Original URL path: http://www.litro.co.uk/author/izabella-scott/ (2016-02-15)
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  • 4500 Heartbeats an Hour: Death in a Secular Age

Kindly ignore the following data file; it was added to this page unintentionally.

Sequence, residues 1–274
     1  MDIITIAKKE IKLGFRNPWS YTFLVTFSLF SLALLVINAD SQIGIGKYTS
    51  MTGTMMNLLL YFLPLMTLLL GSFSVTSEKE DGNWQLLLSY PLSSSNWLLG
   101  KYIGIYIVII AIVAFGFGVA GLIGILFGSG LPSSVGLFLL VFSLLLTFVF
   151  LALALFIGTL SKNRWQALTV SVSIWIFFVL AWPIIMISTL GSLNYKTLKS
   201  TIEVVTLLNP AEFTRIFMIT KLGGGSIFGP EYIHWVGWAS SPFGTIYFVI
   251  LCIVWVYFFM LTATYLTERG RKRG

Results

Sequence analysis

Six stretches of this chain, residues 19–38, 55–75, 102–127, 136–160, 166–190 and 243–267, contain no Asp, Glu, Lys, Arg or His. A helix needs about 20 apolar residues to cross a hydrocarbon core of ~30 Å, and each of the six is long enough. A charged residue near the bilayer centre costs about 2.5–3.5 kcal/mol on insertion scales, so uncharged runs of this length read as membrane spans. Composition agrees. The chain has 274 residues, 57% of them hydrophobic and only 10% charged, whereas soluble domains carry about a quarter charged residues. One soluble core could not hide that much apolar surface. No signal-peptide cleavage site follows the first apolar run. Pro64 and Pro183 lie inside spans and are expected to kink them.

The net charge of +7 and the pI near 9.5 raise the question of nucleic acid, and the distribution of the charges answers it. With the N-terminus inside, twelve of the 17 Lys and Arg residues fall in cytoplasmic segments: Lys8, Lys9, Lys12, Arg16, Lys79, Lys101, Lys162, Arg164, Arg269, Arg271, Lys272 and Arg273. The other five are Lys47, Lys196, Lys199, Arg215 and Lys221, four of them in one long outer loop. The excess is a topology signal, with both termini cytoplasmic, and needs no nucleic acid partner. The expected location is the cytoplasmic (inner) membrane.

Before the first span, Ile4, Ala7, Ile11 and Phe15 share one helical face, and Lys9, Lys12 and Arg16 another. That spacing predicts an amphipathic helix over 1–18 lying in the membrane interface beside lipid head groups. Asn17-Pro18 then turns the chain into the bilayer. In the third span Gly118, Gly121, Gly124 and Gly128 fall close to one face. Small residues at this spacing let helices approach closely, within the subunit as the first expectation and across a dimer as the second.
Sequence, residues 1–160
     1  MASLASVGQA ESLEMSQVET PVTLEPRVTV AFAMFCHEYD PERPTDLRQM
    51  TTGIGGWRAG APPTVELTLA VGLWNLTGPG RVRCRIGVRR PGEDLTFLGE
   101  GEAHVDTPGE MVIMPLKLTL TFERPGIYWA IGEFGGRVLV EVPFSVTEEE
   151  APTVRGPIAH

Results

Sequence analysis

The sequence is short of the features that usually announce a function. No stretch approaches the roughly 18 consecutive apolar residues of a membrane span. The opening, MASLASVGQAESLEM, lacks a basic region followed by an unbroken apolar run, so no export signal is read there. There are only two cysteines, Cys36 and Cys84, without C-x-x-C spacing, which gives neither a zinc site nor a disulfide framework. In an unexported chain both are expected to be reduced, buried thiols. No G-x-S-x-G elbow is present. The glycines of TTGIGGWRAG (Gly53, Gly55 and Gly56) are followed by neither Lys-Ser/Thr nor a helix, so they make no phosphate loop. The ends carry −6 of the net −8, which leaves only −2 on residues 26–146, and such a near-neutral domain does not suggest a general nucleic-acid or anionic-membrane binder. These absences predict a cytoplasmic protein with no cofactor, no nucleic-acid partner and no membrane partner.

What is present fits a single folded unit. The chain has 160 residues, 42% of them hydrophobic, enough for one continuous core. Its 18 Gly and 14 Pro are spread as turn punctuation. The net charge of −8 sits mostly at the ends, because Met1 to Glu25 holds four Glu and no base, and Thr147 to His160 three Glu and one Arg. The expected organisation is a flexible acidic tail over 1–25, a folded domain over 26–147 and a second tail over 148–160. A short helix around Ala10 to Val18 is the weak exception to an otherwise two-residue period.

home made death more visible it also removed a level of abstraction from the dead It was this level of normalcy that made mortality less frightening Mortuary workers are some of the very few people who regularly encounter death in its neutral form separate from personal grief or prurient interest Rapidly declining childhood and maternal mortality following on the heels of developments in medicine and sanitation have helped banish physical decay to the peripheries of our culture In the 17th century the satirist and Bishop of Exeter Joseph Hall could truthfully write Death borders upon our birth And our cradle stands in the grave This is evidently no longer the case in the wealthy developed world But while the dead are less visible in public spaces our interest in death has not dissipated We may no longer advertise our bereavement like the Victorians by dressing in black crepe and wearing jewellery of calcified coal but we have Facebook memorial pages execution videos and a 24 hour news cycle of repetitive tragedy It could be argued that murder mysteries CSI and Scandi noir are the memento moris of the 21st century comfortable middle class people entertained by serial killers necrophiliacs and dead children Whatever else these stories may be they are also an inducement to think about death But murder mysteries tell us little about how to manage our own mortality The memento mori had meaning because it existed inside an already coherent system Paintings of skulls and rotten fruit prompted their audience to consider the importance of salvation rather than ruminate on the expiry date of plums There is for many of us myself included no longer any equivalent cultural system from which to draw meaning about death The decline of religious observance in many Western countries has encouraged a new strain of humanist morality But a secular consideration of death has not emerged alongside this newly defined moral coda This is perhaps because humanism with its movement away from God and the afterlife has little to offer other than stoicism In Unweaving the Rainbow Richard Dawkins writes We are going to die and that makes us the lucky ones Most people are never going to die because they are never going to be born We privileged few who won the lottery of birth against all odds how dare we whine at our inevitable return to that prior state from which the vast majority have never stirred While Dawkins is clearly not a man to mince his words this is not an uncommon sentiment Death is unavoidable and life precious so why be afraid It s unrealistic to imagine our need to contend with death has vanished over time Our culture is studded with reminders that we will die Death may be an addendum but it remains a defining one in lives bracketed by absence What makes Dawkins argument difficult is less its content than its inflexibility Mortality is bound up with uncertainty and any useful consideration of death is